While Heroes work together to tell a larger story, every Hero has her own story to tell. Your Hero is no different. Stories are more than the things you tell everyone you’ll accomplish one day. Stories are also the road you’ll walk to get there.
Choosing a Story
When you decide to start a new Story, think about what kinds of themes you want to explore with your character. Do you want her to be a brave warrior, fighting for the people she loves? Or would you rather see her have to solve difficult problems without resorting to “easy” solutions like violence?
You can change Stories later, but try to pick something you’ll find fun and interesting. Talk to your GM as well; he might have some ideas for a Story that would be a perfect fit.
Starting a Story
Each Hero can have only one Hero Story at a time, beginning with the Story you create when making your Hero. Upon resolution or abandonment of a Story, Heroes are free to move on to their next tale. Players may feel free to keep notes about future Stories they may want to tackle, but their Heroes should each remain focused on the Story at hand.
To start writing a Story the player should create a short name that acts as a conceptual reminder of what your Hero wishes to accomplish. This is the mantra the Hero repeats to keep her mind on track. For example, “Absolution: My negligence led to the destruction of my home; I’ll never let that happen again.” Once you’ve written the concept down you can move on to writing the ending, or Goal.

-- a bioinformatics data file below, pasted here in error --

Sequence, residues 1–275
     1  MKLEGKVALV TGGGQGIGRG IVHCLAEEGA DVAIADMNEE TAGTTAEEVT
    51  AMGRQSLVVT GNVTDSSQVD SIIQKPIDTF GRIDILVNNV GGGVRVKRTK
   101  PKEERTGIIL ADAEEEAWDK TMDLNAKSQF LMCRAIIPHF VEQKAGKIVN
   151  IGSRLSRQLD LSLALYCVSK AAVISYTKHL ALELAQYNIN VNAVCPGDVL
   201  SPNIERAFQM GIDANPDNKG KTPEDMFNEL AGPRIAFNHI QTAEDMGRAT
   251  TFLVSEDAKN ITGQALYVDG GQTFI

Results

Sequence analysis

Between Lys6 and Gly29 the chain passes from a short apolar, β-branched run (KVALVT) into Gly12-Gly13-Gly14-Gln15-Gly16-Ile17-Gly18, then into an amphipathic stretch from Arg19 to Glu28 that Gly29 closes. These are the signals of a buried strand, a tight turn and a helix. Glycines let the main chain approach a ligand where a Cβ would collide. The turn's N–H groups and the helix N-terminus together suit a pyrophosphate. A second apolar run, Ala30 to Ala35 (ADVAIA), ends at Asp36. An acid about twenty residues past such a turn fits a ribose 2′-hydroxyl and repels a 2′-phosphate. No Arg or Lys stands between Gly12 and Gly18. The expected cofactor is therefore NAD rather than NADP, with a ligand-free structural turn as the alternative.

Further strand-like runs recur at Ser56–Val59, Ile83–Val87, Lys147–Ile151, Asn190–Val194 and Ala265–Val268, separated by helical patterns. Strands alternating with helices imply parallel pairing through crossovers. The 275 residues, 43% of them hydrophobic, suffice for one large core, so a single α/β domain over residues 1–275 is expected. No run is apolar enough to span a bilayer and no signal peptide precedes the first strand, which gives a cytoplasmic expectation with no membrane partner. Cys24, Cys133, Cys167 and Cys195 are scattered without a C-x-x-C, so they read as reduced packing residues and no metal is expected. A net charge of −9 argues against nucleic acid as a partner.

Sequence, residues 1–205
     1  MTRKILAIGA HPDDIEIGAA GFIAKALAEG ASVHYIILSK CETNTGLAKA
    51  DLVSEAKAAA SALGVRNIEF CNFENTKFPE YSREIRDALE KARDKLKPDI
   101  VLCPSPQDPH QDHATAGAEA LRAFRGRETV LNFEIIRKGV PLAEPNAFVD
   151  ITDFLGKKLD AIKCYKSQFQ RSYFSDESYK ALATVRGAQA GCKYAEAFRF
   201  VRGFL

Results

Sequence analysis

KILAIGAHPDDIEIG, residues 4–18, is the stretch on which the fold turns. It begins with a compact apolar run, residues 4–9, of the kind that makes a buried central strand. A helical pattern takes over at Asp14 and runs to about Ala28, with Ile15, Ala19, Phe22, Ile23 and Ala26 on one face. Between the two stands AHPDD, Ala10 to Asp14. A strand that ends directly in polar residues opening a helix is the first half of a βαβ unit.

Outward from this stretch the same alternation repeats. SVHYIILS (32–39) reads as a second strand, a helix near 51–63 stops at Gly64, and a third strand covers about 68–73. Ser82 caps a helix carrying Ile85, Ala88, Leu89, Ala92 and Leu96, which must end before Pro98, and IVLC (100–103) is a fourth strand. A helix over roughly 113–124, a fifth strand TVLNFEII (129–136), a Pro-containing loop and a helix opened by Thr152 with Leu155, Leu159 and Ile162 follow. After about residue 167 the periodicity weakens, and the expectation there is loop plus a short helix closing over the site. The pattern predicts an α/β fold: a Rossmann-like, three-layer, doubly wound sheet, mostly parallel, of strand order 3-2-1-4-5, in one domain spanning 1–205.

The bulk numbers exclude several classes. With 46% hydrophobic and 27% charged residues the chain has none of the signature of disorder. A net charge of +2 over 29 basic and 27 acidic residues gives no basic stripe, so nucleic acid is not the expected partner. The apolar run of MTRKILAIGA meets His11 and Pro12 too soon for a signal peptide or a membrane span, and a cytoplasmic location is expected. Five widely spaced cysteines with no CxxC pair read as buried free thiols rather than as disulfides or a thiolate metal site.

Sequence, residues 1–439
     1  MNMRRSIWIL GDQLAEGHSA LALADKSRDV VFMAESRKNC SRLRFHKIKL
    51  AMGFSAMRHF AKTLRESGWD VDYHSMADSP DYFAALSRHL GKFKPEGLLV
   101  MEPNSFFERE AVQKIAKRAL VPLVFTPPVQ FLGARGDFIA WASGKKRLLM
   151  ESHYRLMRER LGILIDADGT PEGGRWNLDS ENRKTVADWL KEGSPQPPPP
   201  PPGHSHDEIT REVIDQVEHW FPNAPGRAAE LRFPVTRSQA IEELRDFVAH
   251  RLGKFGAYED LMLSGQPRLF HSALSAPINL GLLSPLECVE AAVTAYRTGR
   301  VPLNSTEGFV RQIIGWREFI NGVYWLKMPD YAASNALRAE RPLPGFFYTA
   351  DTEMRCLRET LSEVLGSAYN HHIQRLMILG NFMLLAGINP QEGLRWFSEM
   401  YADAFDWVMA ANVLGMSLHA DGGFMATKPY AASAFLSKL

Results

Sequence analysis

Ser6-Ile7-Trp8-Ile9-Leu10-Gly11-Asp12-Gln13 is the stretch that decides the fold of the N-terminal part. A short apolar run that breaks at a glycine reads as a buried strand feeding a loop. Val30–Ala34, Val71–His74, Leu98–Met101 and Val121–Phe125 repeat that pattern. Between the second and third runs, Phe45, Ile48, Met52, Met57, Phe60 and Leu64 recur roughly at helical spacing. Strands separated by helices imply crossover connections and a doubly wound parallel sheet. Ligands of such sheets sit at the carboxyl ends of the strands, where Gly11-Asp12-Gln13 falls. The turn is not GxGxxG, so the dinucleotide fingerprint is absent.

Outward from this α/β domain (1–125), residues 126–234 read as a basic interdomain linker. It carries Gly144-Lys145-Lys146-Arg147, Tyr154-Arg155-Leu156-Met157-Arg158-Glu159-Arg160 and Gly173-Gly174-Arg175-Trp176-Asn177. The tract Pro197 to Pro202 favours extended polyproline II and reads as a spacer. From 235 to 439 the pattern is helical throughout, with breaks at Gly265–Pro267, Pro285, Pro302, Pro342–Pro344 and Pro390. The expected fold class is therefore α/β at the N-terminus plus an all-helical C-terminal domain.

Reaching a Goal
There are two aspects to the Goal of a Story. First is the ending , a specific action that your Hero must take to finish the Story. You should know, without a doubt, when your Story has been completed.
Endings do not contain suspense for the players and while they should telegraph the player’s desired outcome, the Hero might not know them. As such, it’s often best to write the ending in third person. For example, “Hector lies dead at Leannán’s feet.”
Write an actionable sentence about what your Hero needs to do. You don’t need to determine every tiny detail right now, just a broad scope of what your Hero wants to accomplish.
Endings should be flexible, capable of changing enough to ensure they never become unattainable.If a Hero discovers her ending is unattainable, she should be able to change it. A player should work with the Game Master to determine a related ending.